# The lying dashboard

How accurate are our car speedometers? That’s well discussed., e.g. on this AA question forum.  If the ‘expert’ here is correct, your car speedometer could over-read by as much as 10% + 4 km/h (which is quite a bit – if you are doing 45 km/h it might read 54.5 km/h, or if you are doing 90 km/h it might read 103 km/h). But it should never under-read speed.

So, when I travel through the Tamahere roadworks  and the large “Your speed is…” sign tells me I am doing 48 km/h, I should not be surprised that my speedometer is reading 55 km/h. (OK, you ask, when can you ever travel through the Tamahere roadworks at 48 km/h? Fair point. Answer: about 9:15 am this morning. Child number two is sick today and I was rather late in to work. )

But the speedometer isn’t the only instrument that tells porkies in my car. I know for sure that my odometer or the ‘fuel economy’ calculator on the car are not telling the truth either. Or maybe both. Here’s how I know.  When I fill up with petrol, I tend to fill the tank up, to where the pump cuts out. Now, fuel pumps might vary a bit as to how full they let your tank get, but assuming they don’t (and in any case I can average over many fill-ups) the volume of petrol I put in tells me the volume I have used since the last fill-up. I also measure the number of kilometers I have travelled since the last fill up with the odometer. So I can calculate my average fuel economy. E.g. litres filled divided by kilometers travelled, multiplied by 100, gives me litres per 100 km.  So, for example, at my last fill-up I put in 29.0 litres into the car. I had done 467 kilometres since the last fill. Thus the car has a fuel efficiency of (29/467)*100 = 6.2 litres per 100 km, which is quite reasonable for a petrol car.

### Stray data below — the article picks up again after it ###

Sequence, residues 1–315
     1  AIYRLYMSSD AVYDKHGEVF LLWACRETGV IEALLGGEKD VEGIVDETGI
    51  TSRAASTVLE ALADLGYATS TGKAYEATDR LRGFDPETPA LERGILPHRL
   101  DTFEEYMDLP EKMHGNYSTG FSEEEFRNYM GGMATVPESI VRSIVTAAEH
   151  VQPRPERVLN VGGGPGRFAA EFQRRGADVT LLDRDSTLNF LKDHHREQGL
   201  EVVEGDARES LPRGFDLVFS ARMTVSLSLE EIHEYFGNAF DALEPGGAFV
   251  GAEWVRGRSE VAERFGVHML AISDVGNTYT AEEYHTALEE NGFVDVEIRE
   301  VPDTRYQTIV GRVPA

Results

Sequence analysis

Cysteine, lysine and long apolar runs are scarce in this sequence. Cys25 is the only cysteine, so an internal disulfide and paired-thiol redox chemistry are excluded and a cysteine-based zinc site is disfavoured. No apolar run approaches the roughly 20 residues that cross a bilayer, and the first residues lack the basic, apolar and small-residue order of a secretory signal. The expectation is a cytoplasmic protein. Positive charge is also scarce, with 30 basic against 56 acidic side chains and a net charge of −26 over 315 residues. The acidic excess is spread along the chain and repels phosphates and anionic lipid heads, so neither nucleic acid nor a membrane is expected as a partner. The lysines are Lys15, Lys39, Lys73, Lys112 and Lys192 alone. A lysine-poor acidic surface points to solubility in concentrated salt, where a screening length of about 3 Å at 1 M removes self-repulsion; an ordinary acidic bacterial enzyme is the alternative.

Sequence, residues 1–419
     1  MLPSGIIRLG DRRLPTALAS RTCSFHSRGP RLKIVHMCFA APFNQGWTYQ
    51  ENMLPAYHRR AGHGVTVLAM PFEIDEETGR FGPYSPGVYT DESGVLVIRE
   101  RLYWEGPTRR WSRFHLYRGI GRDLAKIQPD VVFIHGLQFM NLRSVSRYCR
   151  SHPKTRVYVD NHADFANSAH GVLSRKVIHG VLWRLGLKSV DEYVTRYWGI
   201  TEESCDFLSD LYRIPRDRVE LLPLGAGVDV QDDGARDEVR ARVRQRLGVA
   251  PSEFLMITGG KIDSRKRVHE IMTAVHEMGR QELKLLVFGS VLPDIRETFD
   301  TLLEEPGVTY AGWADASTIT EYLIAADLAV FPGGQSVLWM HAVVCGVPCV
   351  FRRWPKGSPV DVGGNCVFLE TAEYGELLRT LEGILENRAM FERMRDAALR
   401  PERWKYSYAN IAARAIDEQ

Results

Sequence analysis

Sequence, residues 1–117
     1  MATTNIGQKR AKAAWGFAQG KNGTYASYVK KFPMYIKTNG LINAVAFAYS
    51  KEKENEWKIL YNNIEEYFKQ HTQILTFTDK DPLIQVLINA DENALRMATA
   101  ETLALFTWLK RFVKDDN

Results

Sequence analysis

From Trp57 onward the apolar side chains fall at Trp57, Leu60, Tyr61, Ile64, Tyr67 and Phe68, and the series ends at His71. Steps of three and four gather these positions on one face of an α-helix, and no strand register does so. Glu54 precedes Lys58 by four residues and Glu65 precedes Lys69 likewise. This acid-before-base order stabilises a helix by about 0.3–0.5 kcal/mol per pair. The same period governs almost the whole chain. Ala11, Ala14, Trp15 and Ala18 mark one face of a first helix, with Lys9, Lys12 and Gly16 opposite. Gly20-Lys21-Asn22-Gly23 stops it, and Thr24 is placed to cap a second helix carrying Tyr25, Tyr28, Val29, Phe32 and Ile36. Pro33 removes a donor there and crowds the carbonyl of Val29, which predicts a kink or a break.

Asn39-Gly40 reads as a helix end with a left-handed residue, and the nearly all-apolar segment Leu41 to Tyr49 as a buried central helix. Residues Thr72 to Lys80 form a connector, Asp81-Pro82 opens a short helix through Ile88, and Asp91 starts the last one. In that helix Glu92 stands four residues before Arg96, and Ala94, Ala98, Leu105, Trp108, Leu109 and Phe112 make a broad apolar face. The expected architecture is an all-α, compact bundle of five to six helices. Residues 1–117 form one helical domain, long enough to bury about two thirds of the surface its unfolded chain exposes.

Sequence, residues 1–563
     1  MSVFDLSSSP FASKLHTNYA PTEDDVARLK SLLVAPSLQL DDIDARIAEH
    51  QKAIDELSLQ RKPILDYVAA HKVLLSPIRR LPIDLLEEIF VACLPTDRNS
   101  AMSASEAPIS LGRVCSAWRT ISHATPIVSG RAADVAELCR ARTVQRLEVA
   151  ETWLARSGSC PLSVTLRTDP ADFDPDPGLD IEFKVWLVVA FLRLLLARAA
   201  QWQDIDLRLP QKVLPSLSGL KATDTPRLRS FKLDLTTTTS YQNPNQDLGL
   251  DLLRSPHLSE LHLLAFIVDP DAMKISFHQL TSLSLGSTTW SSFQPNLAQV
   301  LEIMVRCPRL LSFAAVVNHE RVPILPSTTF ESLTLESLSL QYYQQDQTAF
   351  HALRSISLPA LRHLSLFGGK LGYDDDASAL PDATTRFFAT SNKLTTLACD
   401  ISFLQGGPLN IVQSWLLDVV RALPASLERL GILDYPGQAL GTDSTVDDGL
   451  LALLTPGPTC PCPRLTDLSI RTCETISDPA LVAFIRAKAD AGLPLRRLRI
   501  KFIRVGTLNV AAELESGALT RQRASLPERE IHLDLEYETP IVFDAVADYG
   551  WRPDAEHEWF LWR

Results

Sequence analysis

But I also have another measure of fuel efficiency. The car calculates it for me. I reset it every fill-up, so I get the average fuel consumption rate between fill-ups. At the last fill-up it read 5.8 litres per 100 km, a cool 6% less efficient than my calculation.

So what is lying to me?  Is it my odometer, recording more km than I have actually travelled? There are some ways of checking this – not least the era of Google maps makes it easy to know the actual kilometre-length of the route you’re taking. Or is it that inbuilt calculator of efficiency? And what are the industry guidelines for how accurate these can be?

If the odometer is pegged to the speedometer, and thus over-measures the distance I travel because it over-measures speed, then also the fuel efficiency calculator may overestimate my efficiency.  I assume that the fuel pumps themselves are considerably more accurate – these do have to be calibrated to ensure that my 29.02 litres is actually 29.02 litres.

The cynic in me thinks that over-reading distance travelled is a nice way of ensuring you take your car to the garage earlier for your cam-belt replacement, or that manufacturers can claim that your warranty is invalid because you have exceeded the number of kilometers stipulated by it, or that you just think you have a more efficient car than you actually have.